Posted by: ecckayak | March 9, 2011

Boat Meadow Creek, Eastham, Ma by Dick Hilmer

When you have an urge for a “creek paddle”, Boat Meadow responds. But, before we launch a description of the Boat Meadow River paddle, let’s first decide upon the difference between a river and a creek. Officially named Boat Meadow River, most paddlers might consider Boat Meadow a creek.

For our sake of reference, as in mountains and hills, ponds or lakes, most of us might consider a mountain larger than a hill, a lake bigger than a pond, therefore a river wider than a creek. Boat Meadow River is classified in our minds as a creek no wider than 30 feet from side to side, making it much shorter than the Herring River paddle and very different from Bass Rivers’ boat traffic and shoreline development.

It should also be noted that you will rarely, if ever, encounter a small power boat or sailboat while paddling Boat Meadow. In all my years paddling Boat Meadow, I recall one time that I passed a small skiff in the creek, crabbing.

To understand more fully where you are paddling, picture Boat Meadow as a flat floored valley, geologically speaking, called an outwash channel. Most water trails on Cape Cod are outwash channels. The outwash channel at Boat Meadow was formed by melting water quickly running off ice (flooding), the ice left behind as the glacier retreated, and the melting water carving a path towards Cape Cod Bay.

The water trail itself follows that deep path (channel) down the middle of the valley (outwash). Over the last ten thousand years bogs have germinated in the area, eventually being overtaken by marsh encroachment, and now you get the vision that you will be paddling back and forth in an old outwash channel with no real gradient at all, that is occupied by native bogs and fertile marsh detritus, and you will be passing a diversity of salt marsh plants.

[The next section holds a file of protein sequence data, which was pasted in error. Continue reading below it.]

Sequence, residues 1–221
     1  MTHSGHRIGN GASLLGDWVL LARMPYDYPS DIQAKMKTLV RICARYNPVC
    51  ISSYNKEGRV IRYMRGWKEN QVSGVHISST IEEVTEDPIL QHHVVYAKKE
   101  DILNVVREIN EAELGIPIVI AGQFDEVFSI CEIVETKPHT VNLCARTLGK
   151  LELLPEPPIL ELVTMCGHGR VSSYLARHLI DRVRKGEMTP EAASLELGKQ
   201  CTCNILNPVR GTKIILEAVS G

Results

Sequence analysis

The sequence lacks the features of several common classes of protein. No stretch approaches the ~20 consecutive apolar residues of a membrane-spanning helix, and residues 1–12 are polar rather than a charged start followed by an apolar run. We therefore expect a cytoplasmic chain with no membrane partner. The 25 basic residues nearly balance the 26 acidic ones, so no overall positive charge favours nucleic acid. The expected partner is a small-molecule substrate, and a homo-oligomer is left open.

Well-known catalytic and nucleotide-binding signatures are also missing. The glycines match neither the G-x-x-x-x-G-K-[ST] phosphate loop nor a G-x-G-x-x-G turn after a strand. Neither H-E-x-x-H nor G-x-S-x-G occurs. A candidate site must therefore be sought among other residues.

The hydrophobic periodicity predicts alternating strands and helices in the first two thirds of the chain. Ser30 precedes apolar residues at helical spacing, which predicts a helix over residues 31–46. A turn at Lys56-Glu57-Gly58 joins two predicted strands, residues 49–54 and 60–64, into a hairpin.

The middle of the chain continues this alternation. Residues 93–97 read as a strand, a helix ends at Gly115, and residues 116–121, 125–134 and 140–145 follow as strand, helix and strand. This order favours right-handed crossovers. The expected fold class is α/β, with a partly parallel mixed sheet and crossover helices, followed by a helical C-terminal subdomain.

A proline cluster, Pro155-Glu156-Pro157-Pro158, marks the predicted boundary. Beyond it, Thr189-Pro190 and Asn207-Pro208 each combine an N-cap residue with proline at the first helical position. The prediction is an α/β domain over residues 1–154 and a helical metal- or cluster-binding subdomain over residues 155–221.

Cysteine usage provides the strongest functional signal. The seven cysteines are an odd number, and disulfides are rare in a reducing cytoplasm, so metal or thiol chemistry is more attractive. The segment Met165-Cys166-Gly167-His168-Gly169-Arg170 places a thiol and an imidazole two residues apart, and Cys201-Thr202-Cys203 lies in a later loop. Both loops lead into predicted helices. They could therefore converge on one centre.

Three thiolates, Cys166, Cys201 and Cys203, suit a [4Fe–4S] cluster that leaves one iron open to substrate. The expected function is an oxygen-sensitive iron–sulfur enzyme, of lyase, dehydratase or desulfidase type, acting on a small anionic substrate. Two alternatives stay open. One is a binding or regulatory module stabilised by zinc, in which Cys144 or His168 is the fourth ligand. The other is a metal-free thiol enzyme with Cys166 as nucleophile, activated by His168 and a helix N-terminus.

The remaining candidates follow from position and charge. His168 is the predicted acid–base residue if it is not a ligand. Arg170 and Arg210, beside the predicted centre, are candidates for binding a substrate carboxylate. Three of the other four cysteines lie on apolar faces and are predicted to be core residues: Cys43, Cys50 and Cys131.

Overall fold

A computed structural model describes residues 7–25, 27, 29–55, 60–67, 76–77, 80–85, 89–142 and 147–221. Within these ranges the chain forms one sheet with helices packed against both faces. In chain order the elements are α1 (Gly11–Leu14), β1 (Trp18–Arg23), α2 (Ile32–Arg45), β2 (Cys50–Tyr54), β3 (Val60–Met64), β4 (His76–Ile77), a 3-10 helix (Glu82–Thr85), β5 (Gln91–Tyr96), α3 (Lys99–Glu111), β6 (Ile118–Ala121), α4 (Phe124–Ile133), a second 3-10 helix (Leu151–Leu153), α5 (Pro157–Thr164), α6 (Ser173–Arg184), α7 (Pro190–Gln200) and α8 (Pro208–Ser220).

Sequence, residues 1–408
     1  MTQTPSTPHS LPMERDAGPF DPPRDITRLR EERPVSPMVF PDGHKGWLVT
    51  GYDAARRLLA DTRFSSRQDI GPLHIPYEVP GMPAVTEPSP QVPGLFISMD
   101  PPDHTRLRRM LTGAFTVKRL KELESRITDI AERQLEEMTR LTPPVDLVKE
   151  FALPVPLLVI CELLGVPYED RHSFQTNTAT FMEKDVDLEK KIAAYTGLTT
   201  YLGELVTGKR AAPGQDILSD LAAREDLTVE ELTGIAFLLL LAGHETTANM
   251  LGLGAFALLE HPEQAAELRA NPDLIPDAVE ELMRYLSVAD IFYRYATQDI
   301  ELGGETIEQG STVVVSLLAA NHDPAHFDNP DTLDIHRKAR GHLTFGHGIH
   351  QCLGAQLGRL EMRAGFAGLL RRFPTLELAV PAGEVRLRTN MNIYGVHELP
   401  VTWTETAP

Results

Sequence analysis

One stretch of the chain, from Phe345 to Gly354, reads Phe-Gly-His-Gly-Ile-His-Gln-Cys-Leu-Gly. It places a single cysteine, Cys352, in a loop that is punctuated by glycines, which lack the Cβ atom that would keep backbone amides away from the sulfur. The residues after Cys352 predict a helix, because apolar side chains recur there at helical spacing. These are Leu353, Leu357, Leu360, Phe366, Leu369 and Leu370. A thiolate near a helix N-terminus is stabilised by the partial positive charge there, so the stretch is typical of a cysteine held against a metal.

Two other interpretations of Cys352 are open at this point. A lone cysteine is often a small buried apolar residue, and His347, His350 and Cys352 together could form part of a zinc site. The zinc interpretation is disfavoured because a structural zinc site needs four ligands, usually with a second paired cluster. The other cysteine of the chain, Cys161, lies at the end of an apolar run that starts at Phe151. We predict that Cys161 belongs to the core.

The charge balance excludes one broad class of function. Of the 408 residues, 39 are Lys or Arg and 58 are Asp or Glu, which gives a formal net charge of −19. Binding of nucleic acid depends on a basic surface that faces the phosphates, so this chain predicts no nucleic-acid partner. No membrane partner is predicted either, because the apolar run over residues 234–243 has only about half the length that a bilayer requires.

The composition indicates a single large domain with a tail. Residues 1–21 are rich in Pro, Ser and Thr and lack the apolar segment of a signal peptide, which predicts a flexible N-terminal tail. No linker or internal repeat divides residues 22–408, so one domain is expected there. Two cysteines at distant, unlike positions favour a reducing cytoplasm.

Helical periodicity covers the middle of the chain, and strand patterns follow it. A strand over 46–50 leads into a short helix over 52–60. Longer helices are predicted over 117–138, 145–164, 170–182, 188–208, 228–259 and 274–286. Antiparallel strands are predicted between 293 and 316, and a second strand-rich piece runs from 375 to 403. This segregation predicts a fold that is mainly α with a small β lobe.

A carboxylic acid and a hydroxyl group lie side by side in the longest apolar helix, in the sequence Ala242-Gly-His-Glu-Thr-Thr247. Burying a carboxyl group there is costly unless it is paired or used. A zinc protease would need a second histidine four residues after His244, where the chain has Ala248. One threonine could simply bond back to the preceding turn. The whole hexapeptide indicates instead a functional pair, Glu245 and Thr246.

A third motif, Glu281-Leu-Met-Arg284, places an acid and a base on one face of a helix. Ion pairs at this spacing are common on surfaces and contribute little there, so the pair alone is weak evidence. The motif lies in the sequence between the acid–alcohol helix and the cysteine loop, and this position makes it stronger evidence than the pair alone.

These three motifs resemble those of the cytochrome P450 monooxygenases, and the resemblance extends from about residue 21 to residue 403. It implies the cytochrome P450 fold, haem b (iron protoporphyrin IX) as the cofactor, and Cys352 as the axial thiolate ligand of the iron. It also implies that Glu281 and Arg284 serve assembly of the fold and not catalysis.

And, since the 138 acres of Boat Meadow has only one navigable route, a mile and a half stretch of meandering creek, surrounded by upland areas, marshlands, and fronting Cape Cod Bay, it offers paddlers great opportunities to view backyard birds, shorebirds and hawks – most notably the osprey and red-tailed hawks, shorebirds like willets, terns, and great blue herons, and sparrows and red-winged blackbirds.

First, upon your arrival to the parking area at Boat Meadow, you will surely look out into windswept Cape Cod Bay and question your intentions. Except for the first five minutes at launch off the beach, the creek is tranquil. The parking lot and beach are the most exposed sections of your trip.

Perhaps the most challenging aspect of the Boat Meadow paddle, in my opinion, is getting your kayak from atop your vehicle to the shore line. The steeply sloping sand (maybe 10 ft) berm is tricky to descend because there is no apparent trail. Also the parking area is on a very weathered bluff exposed to the prevailing SW wind. If you are not carefully aware, the winds can blow strong enough to topple your kayak off its roof rack, take off a side-mirror, or worse, land on someone. I am talking from experience and well deserved embarrassment.

Once your boat is down on the beach, there is always a chance of shore break, if, as usual, the prevailing winds from the SW funnel into the mouth of the creek from Cape Cod Bay.  Position the bow of your kayak directly into the breeze, allowing the bow to slice through the breeze.

At launch, push straight through, what may be, eight-inch chop created by the SW breeze coming off the bay. Pulling and pushing swiftly paddle away from shore, directly into the incoming wavelets, breaking each falling wavelet with the bow of your kayak. Paddle out 25 yards, become aware of wind direction, and using a sweep stroke turn to your right (north), position the breeze to be centered on your back and flow with the wind and incoming tide into the creek entrance. Once inland, past the mouth of Boat Meadow River (and some moored sailboats), choose any one of the three channels carved into the marshland, they all lead to one main channel that will take you into the outwash valley.